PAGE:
The US House Armed Services Committee has unanimously passed an annual £594 billion (US$741 billion) defence legislation on Wednesday. The National Defence Authorisation Act (NDAA) will not become legislation yet, but it shows Washington’s views on China, its global position and its antagonism of the US.
“Is there anybody in this room that does not believe that China is an adversary of the United States, has every plan possible to become a world power at our detriment?” enquired Representative Paul Mitchell, a Republican from Michigan.
“Is there anybody that doesn’t believe that?”
The board, which supervises military procedures approved the bill 56-0 just before midnight after almost 14 hours of discussions.
The legislation features a series of legislative bids from lawmakers of different political backgrounds.
The proposals aim to challenge China on technology, scientific research and defence.
The bill includes a scheme to preserve the country’s rare earth metals supply chain as China leads the industry.
Another bid from lawmakers involves a joint intelligence report between Moscow and Beijing.
Eric Sayers, a former Asia policy adviser on the Senate Armed Services Committee, said the committee’s backing of the programme was a “strong indication of the bipartisan energy behind this concept”.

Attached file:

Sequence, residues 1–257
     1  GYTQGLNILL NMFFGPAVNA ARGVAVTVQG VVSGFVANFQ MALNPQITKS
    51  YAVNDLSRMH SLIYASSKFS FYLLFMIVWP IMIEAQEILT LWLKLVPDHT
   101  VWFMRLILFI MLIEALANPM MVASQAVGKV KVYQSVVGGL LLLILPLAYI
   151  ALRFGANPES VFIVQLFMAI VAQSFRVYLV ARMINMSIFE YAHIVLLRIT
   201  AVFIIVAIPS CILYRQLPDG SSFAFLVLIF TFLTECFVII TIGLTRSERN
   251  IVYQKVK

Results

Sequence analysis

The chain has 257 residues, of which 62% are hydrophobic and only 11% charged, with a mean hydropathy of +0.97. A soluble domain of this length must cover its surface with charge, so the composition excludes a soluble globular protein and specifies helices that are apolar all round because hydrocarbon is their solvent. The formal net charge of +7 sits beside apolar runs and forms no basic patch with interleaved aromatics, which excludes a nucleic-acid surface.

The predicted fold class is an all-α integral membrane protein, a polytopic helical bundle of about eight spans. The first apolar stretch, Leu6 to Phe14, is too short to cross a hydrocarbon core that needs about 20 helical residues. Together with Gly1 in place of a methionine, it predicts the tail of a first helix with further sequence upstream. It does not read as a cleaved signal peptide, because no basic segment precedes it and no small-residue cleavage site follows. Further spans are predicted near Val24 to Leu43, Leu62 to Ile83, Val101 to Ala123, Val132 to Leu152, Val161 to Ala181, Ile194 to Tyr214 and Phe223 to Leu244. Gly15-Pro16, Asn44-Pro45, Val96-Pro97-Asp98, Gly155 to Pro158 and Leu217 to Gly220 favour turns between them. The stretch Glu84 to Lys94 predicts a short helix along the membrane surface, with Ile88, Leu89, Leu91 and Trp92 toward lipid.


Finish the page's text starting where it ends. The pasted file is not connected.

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After half an hour of debate the proposal was approved.
But the bill will potentially be discussed in the full House later this month.
The Senate Armed Services Committee approved its own variant on June 11.
It is has now been sent to the full Senate for deliberation.
The two chambers will finalise their editions before it passing it onto President Trump for authorisation.
On Tuesday, Trump took to Twitter to issue a threat of banning this year’s defence bill if it involves a directive that US military bases currently named after Confederate officers from the Civil War must be renamed.